GSA Connects 2021 in Portland, Oregon

Paper No. 36-14
Presentation Time: 5:10 PM


REGALLA, Christine1, MORELL, Kristin2, HARRICHHAUSEN, Nicolas3, LYNCH, Emerson4, LEONARD, Lucinda J.5, BENNETT, Scott6, NISSEN, Edwin5 and FINLEY, Theron5, (1)School of Earth and Sustainability, Northern Arizona University, Flagsatff, AZ 86011, (2)University of California Santa Barbara, 1006 Webb Hall, Santa Barbara, CA 93106-0001, (3)University of California Santa BarbaraUnit A, 945 Camino Pescadero Unit A, Goleta, CA 93117-5017, (4)Northern Arizona UniversitySchool of Earth & Sustainability, 624 S Knoles Dr, Flagstaff, AZ 86011-0001; School of Earth and Sustainability, Northern Arizona University, Flagsatff, AZ 86011, (5)School of Earth and Ocean Sciences, University of Victoria, Bob Wright Centre, Victoria, BC V8W 2Y2, Canada, (6)U.S. Geological Survey, 2130 SW 5th Ave, Portland, OR 97201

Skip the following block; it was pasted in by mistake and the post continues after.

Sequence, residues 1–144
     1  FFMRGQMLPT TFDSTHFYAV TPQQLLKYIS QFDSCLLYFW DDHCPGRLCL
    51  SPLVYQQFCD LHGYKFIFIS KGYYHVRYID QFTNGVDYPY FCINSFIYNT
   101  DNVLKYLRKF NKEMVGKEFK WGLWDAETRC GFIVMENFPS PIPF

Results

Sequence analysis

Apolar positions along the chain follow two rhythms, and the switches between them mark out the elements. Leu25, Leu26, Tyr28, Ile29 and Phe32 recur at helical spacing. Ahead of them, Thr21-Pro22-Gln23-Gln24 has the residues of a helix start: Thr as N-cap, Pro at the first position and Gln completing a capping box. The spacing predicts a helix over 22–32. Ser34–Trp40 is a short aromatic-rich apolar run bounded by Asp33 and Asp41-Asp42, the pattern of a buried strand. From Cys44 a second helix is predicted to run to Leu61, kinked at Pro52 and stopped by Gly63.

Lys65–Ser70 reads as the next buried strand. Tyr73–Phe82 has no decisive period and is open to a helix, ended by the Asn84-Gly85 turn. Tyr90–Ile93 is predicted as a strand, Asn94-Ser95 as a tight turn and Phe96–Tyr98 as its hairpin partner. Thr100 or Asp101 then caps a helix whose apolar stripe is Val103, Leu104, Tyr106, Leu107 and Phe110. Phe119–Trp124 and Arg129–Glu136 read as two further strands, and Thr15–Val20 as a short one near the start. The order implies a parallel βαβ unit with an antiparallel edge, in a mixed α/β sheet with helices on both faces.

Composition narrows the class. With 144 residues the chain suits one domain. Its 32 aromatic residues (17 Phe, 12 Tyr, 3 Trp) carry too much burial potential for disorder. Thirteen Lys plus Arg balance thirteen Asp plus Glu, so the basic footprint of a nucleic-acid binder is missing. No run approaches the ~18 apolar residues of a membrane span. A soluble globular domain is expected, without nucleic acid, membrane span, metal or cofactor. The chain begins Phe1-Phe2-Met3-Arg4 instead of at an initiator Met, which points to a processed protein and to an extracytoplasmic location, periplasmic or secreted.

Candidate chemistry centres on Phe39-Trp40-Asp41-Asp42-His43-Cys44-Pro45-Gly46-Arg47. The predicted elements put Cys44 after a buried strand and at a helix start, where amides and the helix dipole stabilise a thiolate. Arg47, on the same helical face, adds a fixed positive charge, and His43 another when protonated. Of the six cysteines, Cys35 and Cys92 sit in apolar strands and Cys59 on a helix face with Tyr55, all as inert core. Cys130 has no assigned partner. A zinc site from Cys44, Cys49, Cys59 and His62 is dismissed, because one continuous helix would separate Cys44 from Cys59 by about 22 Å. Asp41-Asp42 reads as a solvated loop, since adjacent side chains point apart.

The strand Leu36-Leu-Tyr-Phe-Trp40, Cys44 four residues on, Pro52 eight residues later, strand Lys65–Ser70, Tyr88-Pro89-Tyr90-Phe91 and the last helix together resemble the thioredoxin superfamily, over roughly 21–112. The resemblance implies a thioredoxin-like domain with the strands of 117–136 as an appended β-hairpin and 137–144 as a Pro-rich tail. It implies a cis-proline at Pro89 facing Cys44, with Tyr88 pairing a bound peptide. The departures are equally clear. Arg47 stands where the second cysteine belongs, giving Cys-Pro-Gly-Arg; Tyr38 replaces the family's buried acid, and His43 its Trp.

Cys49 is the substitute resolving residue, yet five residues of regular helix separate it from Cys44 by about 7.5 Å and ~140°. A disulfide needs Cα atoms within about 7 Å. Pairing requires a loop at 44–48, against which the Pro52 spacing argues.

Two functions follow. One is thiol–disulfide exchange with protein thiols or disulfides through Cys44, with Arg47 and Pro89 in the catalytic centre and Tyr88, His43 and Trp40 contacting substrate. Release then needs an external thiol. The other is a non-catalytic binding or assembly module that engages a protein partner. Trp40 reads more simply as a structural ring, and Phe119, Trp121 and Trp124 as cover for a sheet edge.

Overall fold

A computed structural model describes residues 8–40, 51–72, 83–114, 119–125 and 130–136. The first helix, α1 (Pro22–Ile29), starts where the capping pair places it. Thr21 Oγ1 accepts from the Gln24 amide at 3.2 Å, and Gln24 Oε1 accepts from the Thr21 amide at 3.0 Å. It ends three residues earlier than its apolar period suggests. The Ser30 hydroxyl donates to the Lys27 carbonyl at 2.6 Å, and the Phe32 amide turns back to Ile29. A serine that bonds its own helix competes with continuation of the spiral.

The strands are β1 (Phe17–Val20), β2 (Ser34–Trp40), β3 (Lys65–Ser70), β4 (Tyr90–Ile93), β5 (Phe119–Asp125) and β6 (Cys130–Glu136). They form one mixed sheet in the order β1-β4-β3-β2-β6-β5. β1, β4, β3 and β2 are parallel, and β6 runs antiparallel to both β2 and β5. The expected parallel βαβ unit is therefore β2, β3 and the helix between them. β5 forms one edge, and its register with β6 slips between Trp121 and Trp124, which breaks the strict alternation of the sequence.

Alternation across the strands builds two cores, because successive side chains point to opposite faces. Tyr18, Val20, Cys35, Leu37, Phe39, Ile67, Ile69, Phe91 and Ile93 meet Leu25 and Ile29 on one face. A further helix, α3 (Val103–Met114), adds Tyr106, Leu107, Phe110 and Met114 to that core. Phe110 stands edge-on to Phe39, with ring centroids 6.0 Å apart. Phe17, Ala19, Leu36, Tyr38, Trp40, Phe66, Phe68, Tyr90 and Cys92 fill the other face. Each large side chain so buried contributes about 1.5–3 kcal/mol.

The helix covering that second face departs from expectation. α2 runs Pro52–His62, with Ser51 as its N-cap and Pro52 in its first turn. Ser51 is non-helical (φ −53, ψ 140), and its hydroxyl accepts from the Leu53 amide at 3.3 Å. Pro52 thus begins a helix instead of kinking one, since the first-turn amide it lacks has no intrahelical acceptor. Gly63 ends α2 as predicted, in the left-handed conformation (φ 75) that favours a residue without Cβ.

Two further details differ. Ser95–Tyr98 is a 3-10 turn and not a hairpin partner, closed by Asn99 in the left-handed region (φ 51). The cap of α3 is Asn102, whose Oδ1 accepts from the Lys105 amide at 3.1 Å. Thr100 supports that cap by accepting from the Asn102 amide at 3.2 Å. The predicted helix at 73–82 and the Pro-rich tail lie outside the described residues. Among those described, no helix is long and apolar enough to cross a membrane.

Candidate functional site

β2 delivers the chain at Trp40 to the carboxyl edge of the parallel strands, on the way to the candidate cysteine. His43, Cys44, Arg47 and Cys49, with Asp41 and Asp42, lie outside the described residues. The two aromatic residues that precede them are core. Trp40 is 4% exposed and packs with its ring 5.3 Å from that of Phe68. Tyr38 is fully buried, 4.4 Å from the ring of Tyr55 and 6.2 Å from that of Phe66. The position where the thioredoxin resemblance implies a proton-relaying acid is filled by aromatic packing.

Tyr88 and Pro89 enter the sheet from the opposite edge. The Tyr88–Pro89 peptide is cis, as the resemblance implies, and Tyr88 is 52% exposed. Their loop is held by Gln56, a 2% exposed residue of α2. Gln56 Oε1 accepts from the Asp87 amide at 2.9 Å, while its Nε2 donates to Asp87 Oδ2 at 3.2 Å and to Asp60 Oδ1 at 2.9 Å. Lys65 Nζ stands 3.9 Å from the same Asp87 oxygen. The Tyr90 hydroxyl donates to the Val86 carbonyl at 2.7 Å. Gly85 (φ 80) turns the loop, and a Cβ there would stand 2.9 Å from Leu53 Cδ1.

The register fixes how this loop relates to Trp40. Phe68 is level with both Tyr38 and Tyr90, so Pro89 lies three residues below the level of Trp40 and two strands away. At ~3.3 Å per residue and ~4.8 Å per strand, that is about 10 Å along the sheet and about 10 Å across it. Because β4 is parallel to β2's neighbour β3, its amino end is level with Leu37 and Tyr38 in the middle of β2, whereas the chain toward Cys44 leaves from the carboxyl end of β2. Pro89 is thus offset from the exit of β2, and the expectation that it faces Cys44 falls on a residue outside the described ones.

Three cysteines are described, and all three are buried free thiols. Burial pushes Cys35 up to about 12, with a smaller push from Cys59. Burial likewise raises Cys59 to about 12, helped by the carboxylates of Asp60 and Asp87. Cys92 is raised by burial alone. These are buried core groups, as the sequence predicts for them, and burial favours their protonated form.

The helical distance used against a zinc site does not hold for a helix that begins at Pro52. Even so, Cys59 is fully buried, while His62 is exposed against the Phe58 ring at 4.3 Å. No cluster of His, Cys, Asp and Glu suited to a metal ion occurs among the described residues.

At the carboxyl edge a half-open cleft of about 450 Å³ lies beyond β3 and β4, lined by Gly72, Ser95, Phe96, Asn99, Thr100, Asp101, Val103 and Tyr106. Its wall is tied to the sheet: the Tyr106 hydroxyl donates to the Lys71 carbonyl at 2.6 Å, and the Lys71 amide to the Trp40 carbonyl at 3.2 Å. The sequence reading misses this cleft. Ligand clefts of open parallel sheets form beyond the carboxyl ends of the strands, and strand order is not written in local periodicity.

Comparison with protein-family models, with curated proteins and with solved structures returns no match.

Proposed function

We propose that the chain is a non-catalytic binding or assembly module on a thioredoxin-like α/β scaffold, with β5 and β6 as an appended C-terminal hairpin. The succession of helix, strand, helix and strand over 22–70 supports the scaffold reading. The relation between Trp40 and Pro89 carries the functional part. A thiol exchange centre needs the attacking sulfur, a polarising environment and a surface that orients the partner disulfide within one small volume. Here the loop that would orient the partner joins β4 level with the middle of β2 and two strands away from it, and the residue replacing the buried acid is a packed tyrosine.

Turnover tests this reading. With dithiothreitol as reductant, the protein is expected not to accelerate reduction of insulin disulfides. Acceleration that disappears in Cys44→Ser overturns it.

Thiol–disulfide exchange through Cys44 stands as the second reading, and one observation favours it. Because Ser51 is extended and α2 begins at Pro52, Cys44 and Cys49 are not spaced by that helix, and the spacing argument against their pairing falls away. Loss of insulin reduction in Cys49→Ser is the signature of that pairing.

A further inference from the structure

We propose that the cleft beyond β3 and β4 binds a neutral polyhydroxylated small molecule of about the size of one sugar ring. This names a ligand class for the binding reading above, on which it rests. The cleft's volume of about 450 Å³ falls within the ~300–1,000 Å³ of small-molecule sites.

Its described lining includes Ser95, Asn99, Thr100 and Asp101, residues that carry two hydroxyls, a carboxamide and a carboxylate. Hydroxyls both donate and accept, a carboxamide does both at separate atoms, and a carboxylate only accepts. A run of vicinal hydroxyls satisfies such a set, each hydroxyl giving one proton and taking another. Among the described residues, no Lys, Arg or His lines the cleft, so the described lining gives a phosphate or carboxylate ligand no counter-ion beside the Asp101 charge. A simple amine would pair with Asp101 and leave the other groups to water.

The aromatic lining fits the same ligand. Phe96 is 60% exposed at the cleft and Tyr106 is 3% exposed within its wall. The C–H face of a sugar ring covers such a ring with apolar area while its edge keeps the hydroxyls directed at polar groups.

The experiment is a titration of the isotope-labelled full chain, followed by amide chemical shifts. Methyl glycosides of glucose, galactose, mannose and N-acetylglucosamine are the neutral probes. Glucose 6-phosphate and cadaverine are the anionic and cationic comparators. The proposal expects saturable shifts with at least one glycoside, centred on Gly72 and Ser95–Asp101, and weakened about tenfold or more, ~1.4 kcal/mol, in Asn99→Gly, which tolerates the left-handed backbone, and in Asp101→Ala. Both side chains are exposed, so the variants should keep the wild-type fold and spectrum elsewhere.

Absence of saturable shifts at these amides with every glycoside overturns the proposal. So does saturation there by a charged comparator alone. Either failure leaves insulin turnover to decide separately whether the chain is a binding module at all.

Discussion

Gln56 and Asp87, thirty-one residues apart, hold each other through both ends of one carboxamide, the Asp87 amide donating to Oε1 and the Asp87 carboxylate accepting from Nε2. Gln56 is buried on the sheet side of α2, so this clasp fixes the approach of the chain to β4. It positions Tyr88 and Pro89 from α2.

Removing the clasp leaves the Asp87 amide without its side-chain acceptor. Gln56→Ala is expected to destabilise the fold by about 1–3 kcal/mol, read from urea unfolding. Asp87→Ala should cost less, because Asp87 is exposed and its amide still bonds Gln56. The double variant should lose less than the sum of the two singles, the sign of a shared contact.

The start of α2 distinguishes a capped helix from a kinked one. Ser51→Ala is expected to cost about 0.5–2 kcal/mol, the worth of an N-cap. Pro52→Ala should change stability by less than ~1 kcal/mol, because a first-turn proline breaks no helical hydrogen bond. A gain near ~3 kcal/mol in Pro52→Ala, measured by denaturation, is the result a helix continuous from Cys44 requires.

Subduction forearcs contain networks of new and inherited faults that accommodate strain in response to both near- and far-field plate boundary tractions. However, our understanding of the conditions and processes that are most important in controlling the location and kinematics of forearc strain accommodation is limited. Here we summarize results of ongoing work in the northern Cascadia forearc on Vancouver Island to evaluate which faults accommodate active strain, the role of inherited structures in promoting localization of active deformation, and how the geometry and kinematics of active faults are related to the processes driving forearc deformation. Geomorphic, structural, paleoseismic, and geophysical data provide evidence for late Pleistocene to Holocene seismogenic slip along ~NW-SE striking segments of the Leech River, Beaufort Range, and Elk Lake faults. Field data suggest that these structures are high-angle faults that accommodate both right-lateral and dip slip up to ~230 km from the trench, in a corridor between the Strait of Juan de Fuca to the northern end of the Cascadia subduction zone. While the surface traces of these active forearc faults occur adjacent to and strike sub-parallel to pre-existing faults, active faults do not appear to re-occupy inherited fault planes, and subsurface projections of high-angle active faults appear to diverge at depth from moderately-dipping, inherited fault planes. Mohr Coulomb analyses suggest that high-angle, NW-SE striking active structures are near-optimally oriented for failure in the observed upper plate stress field, whereas inherited, moderately dipping, E-W to NE-SW striking faults are not. These data suggest that while crustal faults may opportunistically occupy portions of inherited structures when mechanical conditions for failure are favorable, they may diverge from these structures if they are poorly aligned with the driving stress field. Finally, boundary element modeling predicts strike-slip kinematics on upper plate faults that are inconsistent with field and focal mechanism data. These results suggest that plate coupling cannot be the only mechanism driving forearc deformation in northern Cascadia, and that far-field plate boundary tractions or crustal rotation associated with oroclinal bending likely play an important role.